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An event every week that begins at 12:00 am on Monday, Tuesday, Wednesday, Thursday and Friday, repeating until 27 August 2021
This exhibit is an assembly of over 1,000 embroidered portraits of people who attended Yukon festivals and events from Dawson City to Atlin. Each image is a chain stitched contour drawing from life, made with a hand guided industrial embroidery machine. Creating a visual continuity that spans the years, the portraits all share the same colour of thread, the same dimension and are cut from the same cloth.
This story begins with the Universal Movement Machine and me. In our earliest days as I struggled to figure out its workings, there was an instant when all the parts came together and I was driving! Moments later and more profoundly I recognized that I was drawing, and a new land opened up. Once I became more comfortable with the machine and as a foil to the process I practiced drawing portraits, using myself and friends and family as models.
I started to use the word “drawing” in place of “embroidering” when talking about my work. To visitors in the studio this was sometimes confusing, so as a visual explanation I would make a quick image of them on the machine. These drawings stayed in the studio until 2003, when the Universal Movement Machine accompanied me to the Yukon Riverside Arts Festival in Dawson City. At the top of the first morning, I took my seat at the table in my accustomed response to the question and embroidered a portrait on a piece of canvas.
A few others watched and were happy to take a turn being the model, and on it went all weekend long. I was joyful; I had found something that was just right for me to do. The outrageous idea of “drawing everyone in the Yukon”, came later in the year. I may never draw all of us, but I have made a lifetime commitment to embroidering as many of us as I can.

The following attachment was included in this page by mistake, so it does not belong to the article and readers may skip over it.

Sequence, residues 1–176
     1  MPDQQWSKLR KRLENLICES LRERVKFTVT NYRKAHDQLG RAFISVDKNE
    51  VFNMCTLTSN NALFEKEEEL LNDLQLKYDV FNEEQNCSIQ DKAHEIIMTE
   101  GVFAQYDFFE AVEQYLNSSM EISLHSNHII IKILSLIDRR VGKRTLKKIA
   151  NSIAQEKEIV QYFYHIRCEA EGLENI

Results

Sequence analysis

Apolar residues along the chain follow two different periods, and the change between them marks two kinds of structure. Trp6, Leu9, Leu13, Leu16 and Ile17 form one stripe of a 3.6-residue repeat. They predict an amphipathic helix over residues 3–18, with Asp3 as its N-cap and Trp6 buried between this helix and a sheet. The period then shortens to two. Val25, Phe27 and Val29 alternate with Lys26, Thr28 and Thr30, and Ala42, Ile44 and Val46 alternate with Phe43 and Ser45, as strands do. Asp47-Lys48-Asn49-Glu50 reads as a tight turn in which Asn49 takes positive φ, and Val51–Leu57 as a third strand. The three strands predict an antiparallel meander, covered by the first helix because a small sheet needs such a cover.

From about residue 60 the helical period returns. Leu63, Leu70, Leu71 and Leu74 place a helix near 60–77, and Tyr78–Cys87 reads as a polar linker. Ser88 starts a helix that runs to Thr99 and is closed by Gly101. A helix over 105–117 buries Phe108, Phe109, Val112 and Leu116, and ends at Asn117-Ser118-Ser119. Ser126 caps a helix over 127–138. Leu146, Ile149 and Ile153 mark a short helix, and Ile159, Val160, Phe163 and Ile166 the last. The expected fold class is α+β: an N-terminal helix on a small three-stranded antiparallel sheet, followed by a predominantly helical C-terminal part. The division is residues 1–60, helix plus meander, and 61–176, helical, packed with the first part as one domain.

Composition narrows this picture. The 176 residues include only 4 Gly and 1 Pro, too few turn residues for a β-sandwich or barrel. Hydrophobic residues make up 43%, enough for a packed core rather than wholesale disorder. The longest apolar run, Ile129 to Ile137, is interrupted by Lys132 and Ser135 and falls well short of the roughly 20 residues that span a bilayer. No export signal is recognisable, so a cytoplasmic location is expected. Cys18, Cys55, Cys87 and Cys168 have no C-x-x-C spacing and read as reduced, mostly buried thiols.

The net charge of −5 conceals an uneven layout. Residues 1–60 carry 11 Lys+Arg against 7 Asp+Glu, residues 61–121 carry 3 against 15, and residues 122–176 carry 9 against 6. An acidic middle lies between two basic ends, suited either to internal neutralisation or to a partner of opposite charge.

Portraiture has a long history and tradition of being made (for the most part) in the privacy of the studio, as an indulgence of the privileged. Embroidery has an equally long tradition and adorns many of the textiles in our daily lives. That these two familiar things come together in an unfamiliar way right before their very eyes is enough to spark the imagination of the audience. This light grows when the audience member becomes a model and a creative occasion is shared between us.
The greatest work for me is to be fully present with the model in focused attention, despite the chatter within and the public space surrounding us. This work allows for the model to have the experience of being seen without judgment and with kindness and regard.
The portraits are a record of this intimate exchange. They each have something in them from the moment they were made that recalls the experience that was shared. Each with their own voice in their own time, Drawn Together to reflect the connections that we share and the community we form.
With everything shutting down due to the pandemic in 2020, Alistair Maitland was inspired with the idea of capturing portraits of people who were forced to work from home. Throughout the year, he photographed his subjects from the safety of their doorstep or from behind a window. The project captured a far-reaching representation of the community revealing hope, intimacy, humour and fortitude.